The “plum rains” of Taiwan’s monsoon season, or Meiyu, have started to fall, bringing a modicum of relief to the island’s worst drought conditions in over 50 years and enabling manufacturers and technology investors to exhale — at least temporarily. While the weather forecast in Taiwan would not normally make financial headlines, the island’s exposure to climate risk, current severe water shortage, and reliance of its large semiconductor industry on water have the global business and investment community on alert.
Global semiconductor hub
Taiwan produces 50% of the world’s semiconductors and 92% of the high-end transistors used in advanced technology applications like autonomous driving and high-performance computing. Any disruption in local manufacturing could short circuit the global technology supply chain. The overarching risk to semiconductor fabrication in Taiwan is lack of water. Semi fabrication requires enormous amounts of water: the typical chip factory consumes between two and four million gallons of water per day; larger companies use even more. Without sufficient water to power and cool chip fabrication, production grinds to a halt.
Taiwan has among the world’s lowest per capita water resources despite receiving more than twice the average rainfall. High population density, uneven rainfall distribution, and lack of adequate water storage capacity (an estimated 70% of the island’s precipitation is lost to ocean runoff) account for the shortfall. While agricultural demand (70% of Taiwan’s total water use) has held steady in recent decades, household consumption has tripled (20% of water use), and industrial consumption (10%) has more than doubled.
Despite rising demand and shortage of supply, however, water prices in Taiwan remain very low. According to the International Water Association, water costs less in Taiwan than anywhere in the world, other than Macau.1 Amid continued water shortages and eventual repricing, the semiconductor industry must invest heavily in infrastructure to improve water efficiency. The industry is already taking steps to reduce the use of ultrapure water systems (which can be up to 1.5% of a company’s total capex) through process optimization and recycling.
Worst drought in half a century
Just prior to the 2021 Meiyu, Taiwan’s reservoirs stood at approximately 20% capacity. The dearth of water is largely due to the total absence of typhoons during the 2020 season. Taiwan typically encounters three to four landfall typhoons annually, which come on the heels of the spring rains and account for half of the country’s annual rainfall. Last year, for the first time in 50 years, no cyclones reached Taiwan, resulting in a significant precipitation deficit and sending the government and private companies scrambling to shore up reserves and avert disaster. Rationing water, digging wells, building desalination and water-reclamation plants, and upgrading water transportation and infrastructure are among recent emergency efforts. To make matters worse, this year’s monsoon season arrived late, exacerbating conditions and triggering broader conversations about Taiwan’s long-term climate-adaptation needs.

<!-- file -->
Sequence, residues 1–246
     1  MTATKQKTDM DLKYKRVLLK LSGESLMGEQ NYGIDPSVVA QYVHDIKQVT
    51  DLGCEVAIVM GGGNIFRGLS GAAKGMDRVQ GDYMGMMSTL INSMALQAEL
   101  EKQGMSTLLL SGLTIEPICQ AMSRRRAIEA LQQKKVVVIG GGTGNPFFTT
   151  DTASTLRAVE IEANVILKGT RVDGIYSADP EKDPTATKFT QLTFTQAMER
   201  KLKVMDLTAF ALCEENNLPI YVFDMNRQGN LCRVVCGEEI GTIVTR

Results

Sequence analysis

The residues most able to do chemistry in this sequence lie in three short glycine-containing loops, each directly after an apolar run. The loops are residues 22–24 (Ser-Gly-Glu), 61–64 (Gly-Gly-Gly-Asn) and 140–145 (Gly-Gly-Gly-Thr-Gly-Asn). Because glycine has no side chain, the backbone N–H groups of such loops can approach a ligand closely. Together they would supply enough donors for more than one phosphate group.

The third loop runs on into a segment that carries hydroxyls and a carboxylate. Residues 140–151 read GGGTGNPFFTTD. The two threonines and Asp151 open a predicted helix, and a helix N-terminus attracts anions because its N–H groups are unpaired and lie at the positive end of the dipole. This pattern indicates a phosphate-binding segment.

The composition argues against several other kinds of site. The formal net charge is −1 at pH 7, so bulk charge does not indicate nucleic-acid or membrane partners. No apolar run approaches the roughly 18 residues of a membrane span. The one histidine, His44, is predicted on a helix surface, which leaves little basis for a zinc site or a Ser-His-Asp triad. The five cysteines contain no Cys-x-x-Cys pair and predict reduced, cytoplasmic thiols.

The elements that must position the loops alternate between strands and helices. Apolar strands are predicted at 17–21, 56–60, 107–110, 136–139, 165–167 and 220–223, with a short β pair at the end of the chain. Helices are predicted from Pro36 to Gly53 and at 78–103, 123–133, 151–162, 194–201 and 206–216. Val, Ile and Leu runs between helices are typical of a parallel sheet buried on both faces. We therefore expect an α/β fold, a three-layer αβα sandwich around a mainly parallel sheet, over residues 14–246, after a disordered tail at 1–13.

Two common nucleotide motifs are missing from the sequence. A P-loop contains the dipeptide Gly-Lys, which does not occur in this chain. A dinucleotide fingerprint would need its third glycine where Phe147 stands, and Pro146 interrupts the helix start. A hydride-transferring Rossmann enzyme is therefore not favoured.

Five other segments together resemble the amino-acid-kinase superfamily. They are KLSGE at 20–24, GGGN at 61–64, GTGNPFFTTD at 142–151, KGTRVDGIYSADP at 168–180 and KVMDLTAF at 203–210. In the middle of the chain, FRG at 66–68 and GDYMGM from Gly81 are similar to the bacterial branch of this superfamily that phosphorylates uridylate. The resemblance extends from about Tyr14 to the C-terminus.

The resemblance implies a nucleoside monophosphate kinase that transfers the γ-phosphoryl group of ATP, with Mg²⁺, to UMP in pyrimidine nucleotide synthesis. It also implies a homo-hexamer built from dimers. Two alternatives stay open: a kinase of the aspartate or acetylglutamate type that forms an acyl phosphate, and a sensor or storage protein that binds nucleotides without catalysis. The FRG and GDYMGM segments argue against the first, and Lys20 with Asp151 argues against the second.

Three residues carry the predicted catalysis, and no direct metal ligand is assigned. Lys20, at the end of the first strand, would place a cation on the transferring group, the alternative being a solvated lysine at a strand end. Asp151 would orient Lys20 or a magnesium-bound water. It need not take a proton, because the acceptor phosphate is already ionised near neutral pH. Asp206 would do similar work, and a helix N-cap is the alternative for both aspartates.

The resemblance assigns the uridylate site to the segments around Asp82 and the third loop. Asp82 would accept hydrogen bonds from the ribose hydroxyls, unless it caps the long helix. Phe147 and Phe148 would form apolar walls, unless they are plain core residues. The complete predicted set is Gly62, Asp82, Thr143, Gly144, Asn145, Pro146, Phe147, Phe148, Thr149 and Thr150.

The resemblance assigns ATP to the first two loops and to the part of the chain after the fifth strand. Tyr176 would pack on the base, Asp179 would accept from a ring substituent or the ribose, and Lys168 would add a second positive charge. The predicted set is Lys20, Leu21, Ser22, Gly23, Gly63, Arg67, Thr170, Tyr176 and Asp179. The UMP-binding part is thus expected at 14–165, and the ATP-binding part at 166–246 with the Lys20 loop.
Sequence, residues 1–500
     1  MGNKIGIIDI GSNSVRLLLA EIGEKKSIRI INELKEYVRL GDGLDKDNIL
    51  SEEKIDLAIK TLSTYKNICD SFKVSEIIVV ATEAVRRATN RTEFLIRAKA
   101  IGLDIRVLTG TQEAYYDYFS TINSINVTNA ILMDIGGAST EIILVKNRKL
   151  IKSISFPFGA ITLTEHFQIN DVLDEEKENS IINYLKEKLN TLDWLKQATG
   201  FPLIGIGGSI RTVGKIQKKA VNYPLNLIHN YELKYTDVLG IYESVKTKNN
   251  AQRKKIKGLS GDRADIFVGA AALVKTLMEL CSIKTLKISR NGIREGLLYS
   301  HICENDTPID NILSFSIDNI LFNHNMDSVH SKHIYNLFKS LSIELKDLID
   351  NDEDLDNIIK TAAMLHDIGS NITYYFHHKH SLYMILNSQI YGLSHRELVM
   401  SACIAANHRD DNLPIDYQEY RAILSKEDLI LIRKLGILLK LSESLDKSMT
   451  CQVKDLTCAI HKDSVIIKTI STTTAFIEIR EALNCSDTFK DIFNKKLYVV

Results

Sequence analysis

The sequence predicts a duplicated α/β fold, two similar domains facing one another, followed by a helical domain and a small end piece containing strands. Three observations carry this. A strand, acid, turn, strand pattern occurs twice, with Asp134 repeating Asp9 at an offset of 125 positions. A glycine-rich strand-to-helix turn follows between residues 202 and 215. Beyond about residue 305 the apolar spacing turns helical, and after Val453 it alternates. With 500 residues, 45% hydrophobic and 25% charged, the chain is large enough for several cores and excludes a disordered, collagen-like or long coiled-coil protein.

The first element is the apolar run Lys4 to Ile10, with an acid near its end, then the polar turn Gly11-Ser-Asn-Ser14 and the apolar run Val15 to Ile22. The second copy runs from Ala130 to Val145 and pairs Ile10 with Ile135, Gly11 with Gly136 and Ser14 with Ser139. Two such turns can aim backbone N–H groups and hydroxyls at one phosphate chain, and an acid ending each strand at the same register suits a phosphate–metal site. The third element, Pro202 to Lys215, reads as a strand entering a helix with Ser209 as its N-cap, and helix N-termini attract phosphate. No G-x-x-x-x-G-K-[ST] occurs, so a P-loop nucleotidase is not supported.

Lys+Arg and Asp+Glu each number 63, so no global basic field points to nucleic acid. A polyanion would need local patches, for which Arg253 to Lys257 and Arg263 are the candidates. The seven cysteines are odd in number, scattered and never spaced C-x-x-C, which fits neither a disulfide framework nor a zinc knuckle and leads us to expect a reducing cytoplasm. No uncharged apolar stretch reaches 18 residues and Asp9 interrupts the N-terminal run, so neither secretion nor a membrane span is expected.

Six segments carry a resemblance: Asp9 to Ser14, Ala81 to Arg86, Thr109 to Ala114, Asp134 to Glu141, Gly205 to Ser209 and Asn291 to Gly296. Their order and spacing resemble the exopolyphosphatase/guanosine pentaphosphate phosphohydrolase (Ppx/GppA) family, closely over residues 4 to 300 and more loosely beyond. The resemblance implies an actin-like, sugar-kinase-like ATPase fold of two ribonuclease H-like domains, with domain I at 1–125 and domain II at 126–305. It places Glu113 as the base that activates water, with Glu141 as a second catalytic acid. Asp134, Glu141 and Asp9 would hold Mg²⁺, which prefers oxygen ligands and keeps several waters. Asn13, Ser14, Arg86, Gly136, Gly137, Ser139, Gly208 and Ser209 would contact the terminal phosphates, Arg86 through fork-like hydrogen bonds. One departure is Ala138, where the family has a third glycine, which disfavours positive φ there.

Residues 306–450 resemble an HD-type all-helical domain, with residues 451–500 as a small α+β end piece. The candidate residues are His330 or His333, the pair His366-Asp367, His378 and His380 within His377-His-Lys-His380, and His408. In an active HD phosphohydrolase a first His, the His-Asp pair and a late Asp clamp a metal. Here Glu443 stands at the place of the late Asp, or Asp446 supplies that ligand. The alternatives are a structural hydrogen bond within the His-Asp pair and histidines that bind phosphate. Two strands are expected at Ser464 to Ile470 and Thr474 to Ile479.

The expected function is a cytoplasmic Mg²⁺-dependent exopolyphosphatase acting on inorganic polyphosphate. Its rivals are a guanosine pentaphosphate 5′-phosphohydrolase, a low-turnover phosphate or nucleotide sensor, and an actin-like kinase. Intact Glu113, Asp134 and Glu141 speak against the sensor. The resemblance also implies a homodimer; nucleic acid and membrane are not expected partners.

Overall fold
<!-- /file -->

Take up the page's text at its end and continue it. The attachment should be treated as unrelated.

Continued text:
Long-range projections: Boom or bust precipitation
Wellington’s Climate Research Team, working with Woodwell Climate Research Center, believe that climate change will continue to distort rainy seasons in Taiwan, leading to future challenges. Based on our research, we believe climate change will cause Taiwan’s precipitation events to be more intense and shorter in duration, creating a “boom or bust” situation that is difficult to manage. The climate conditions that create continuous, relatively predictable rainfall are projected to weaken, giving way to atmospheric patterns that result in the uneven distribution of precipitation, with more strong events and fewer weak events becoming the norm. Counterintuitively, extreme precipitation events can lead to water deficits if high-volume ocean runoff cannot be captured.
Adapting to this problem will require significant investment in reservoir capacity and water transportation/efficiency infrastructure. This spending will not happen quickly, as the political economy of reservoir construction is extremely complex at the local level in Taiwan. We should not expect significant projects to help the situation in the short term, and megaprojects that could alleviate water scarcity take years to complete, even under the most expeditious circumstances.
Closing remarks on Taiwan drought and chip shortages
While semiconductors account for a small fraction of overall industrial water use in Taiwan, we believe the country’s water scarcity is a major tail risk for the industry that highlights the need for supply-chain diversification. Our Climate Research, Global Macro, and Global Industry Analyst teams continue to research Taiwan’s climate-risk exposure and strategic climate-adaptation approach. Like other water-stressed regions, chronic water shortages could become a national security concern for Taiwan and remain a potentially systemic risk for the global technology supply chain.
To learn more about Wellington’s water scarcity research, please visit our Future Themes hub.
1IWA Annual Report, Inspiring Change, 2018 – 2019.